“Who shall separate us from the love of Christ? Shall trouble or hardship or persecution or famine or nakedness or danger or sword? For I am convinced that neither death nor life, neither angels nor demons, neither the present nor the future, nor any powers, neither height nor depth, nor anything else in all creation, will be able to separate us from the love of God that is in Christ Jesus our Lord” (Romans 8:35, 38-39 NIV).
Friend To Friend
It was the first anniversary of the terrorist bombing of September 11, 2001. The rubble from the World Trade Center had been cleared and the Pentagon repaired, but men and women all across America still mourned the 3,000 lives that were lost on that dark day. In my hometown, a memorial was set up on an expanse of land with a sea of twelve-inch white crosses representing the men and women who died.
Kathy and her family went to see the memorial. Along with her seventeen-year-old daughter, Heather, Kathy took along her three-year-old niece, Taylor. It was difficult for young Taylor to understand exactly what was going on and why so many people were sad, but she obediently walked hand-in-hand with her cousin between the tiny crosses. At some point, little Taylor wandered away from her family.
It was reverently silent as the crowd of mourners looked at the names inscribed on the white memorials. Some crosses were decorated with flowers, others with Teddy Bears or other memorabilia, but nothing spoke more poignantly than the silence broken by quiet sobs. Then, as if coming directly from heaven, a small voice could be heard floating on the breeze. Everyone turned to notice a little girl with outstretched arms twirling in circles among the crosses.
With face lifted toward the sky, she sang…
“Jesus loves me, this I know.
For the Bible tells me so.
Little ones to Him belong.
We are weak but He is strong.
Yes, Jesus loves me.
Yes, Jesus loves me.
Yes, Jesus loves me.
The Bible tells me so.”
Time seemed to stand still as hundreds of mourners turned their attention to one small girl with a big message. Even in the midst of pain, even with the loss of life, loss of dreams, and loss of hope… Jesus still loves us. That love can lift the burden of despair, resurrect our dreams, and restore our hope.
In 2 Corinthians 4:6-9 Paul reminds us: “For God who said, ‘Let light shine out of darkness,’ made his light shine in our hearts to give us the light of the knowledge of the glory of God in the face of Christ. But we have this treasure in jars of clay to show that this all-surpassing power is from God and not from us. We are hard pressed on every side, but not crushed; perplexed, but not in despair; persecuted, but not abandoned; struck down, but not destroyed. Therefore we do not lose heart. Though outwardly we are wasting away, yet inwardly we are being renewed day by day. For our light and momentary troubles are achieving for us an eternal glory that far outweighs them all. So we fix our eyes not on what is seen, but on what is unseen. For what is seen is temporary, but what is unseen is eternal.”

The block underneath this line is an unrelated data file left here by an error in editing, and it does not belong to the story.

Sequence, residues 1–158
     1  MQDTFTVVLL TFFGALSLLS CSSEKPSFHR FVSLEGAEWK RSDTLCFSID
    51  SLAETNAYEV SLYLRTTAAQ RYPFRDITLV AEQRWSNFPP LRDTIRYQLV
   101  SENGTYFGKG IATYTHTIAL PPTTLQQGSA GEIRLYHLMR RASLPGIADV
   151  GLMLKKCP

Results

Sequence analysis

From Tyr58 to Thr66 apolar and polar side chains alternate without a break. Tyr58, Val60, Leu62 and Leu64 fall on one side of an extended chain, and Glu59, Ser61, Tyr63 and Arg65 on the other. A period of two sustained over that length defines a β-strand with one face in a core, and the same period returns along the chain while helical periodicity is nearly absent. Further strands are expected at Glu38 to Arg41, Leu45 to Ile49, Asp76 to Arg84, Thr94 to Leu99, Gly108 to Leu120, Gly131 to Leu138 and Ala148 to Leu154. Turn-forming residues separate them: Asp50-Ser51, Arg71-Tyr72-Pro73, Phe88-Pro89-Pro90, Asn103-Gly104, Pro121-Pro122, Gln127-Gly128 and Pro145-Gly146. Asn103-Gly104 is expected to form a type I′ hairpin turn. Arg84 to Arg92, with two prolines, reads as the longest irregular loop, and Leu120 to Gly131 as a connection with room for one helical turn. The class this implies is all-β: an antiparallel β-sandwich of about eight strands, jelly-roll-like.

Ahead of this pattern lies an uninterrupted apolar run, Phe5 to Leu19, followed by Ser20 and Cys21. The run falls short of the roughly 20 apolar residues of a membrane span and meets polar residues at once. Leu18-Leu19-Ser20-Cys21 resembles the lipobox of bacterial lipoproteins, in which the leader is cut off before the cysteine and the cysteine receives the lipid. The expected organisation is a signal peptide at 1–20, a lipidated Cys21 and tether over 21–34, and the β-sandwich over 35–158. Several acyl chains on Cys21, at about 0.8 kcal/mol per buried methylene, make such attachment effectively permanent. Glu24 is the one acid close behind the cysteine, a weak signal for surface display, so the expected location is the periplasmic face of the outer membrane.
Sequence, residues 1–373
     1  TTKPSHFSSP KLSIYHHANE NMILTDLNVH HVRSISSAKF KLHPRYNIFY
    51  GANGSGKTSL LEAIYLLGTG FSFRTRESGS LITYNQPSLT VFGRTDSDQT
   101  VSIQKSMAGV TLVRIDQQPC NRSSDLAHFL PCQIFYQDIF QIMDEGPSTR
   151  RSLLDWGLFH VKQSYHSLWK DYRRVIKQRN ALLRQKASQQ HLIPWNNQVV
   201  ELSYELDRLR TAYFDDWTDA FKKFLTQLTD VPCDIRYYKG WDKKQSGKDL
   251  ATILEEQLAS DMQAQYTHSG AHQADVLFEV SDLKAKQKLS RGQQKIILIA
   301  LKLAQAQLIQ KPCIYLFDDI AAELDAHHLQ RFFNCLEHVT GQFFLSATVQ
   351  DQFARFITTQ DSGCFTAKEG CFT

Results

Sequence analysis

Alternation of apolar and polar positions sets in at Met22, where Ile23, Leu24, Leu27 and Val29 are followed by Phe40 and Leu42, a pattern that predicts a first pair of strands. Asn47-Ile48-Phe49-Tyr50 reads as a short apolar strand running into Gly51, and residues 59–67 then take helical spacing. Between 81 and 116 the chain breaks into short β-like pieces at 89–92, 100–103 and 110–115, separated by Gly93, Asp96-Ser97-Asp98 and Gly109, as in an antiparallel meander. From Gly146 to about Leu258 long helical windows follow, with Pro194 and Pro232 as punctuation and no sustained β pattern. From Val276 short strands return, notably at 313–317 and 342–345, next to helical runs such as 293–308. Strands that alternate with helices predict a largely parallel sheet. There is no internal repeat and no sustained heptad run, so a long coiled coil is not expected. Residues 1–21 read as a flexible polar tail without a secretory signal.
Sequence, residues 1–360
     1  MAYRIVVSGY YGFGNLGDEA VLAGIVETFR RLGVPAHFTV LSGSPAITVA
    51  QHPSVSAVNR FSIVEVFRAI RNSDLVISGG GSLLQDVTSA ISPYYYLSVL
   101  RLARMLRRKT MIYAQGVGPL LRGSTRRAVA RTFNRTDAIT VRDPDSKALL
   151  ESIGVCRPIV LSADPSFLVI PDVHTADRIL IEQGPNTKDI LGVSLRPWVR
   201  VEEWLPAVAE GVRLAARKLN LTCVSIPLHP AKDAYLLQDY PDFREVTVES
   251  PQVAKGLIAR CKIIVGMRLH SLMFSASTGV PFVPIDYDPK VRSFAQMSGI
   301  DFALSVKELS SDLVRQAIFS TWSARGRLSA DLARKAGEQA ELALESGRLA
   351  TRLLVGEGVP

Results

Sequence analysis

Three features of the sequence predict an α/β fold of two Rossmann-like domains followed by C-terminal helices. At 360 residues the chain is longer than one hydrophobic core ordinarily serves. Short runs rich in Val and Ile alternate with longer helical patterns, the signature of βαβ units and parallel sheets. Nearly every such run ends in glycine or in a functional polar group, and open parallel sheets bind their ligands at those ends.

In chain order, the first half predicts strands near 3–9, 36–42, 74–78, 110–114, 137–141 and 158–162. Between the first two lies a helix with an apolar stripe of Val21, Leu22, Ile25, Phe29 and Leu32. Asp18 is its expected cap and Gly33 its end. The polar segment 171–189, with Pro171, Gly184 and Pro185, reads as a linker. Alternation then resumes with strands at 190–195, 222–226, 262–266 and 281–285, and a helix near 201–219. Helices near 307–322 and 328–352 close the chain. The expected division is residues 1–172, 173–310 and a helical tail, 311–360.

Jesus loves me…this I know.
Dear Lord, today I remember all the men and women who died in the terrorist attack of September 11, 2001. I also think of the difficulties in my own life. Thank You that no matter what my outward circumstances may be, the fact that Jesus loves me will never be shattered or shaken. You, O LORD, are the constant in my life and You are the same yesterday, today, and tomorrow. Jesus loves me, this I know.
In Jesus’ Name,
Now It’s Your Turn
When was a time in your life that you have felt overcome with the gravity of a difficult situation?
How did the knowledge of God’s unchanging, unfailing love give you comfort?
Perhaps you are in the middle of such a situation at this very moment. Are you willing, as the little girl in this story, to open your arms to God and sing, “Jesus loves me this I know?” Why don’t you stop right now where you are and sing that chorus to God.
Today’s devotion was taken from Sharon’s book; . If you would like to learn more about turning your pain into purpose and your hurt into hope, this book can help you on your journey to wholeness and healing
H-m-m… Scars that are beautiful to God. I wonder about that–though, to be fair, I haven’t read the book.
All scars represent a defacing and deforming of what God made. They are caused–either directly, or indirectly–by sin. It would seem to me our scars grieve the heart of a loving God, as the Lord Jesus wept at the tomb of Lazarus, in part because of the pain behind them. And because He knows that, until the dawning of eternity, there are more pains and more scars to come.
Yes, the Lord is able to give “beauty for ashes.” And He is able to give us the wisdom to see the struggles we have come through as tools He can use for our own maturing, and for a broadening of our ministry to others. But that is not the same thing. “Yes, Jesus loves me!” But not because of my scars, in spite of them.
One further thought. A thing that is “beautiful” is delightful and attractive. And we know that the resurrection body of Christ still bore the scars of Calvary–as it seems it will through all eternity. Our scars will surely be gone forever then. But the Lord’s will remain, a forever reminder of what our salvation cost. And it could be that out of love for the Saviour and what He did for us, His scars will have an aura of beauty for us.
Thanks for stirring up my thinking at this early hour. It was your quotation of Anna Warner’s hymn that caught my eye originally. (I have a daily blog on hymns, and today is the 186th anniversary of her birth.) God bless.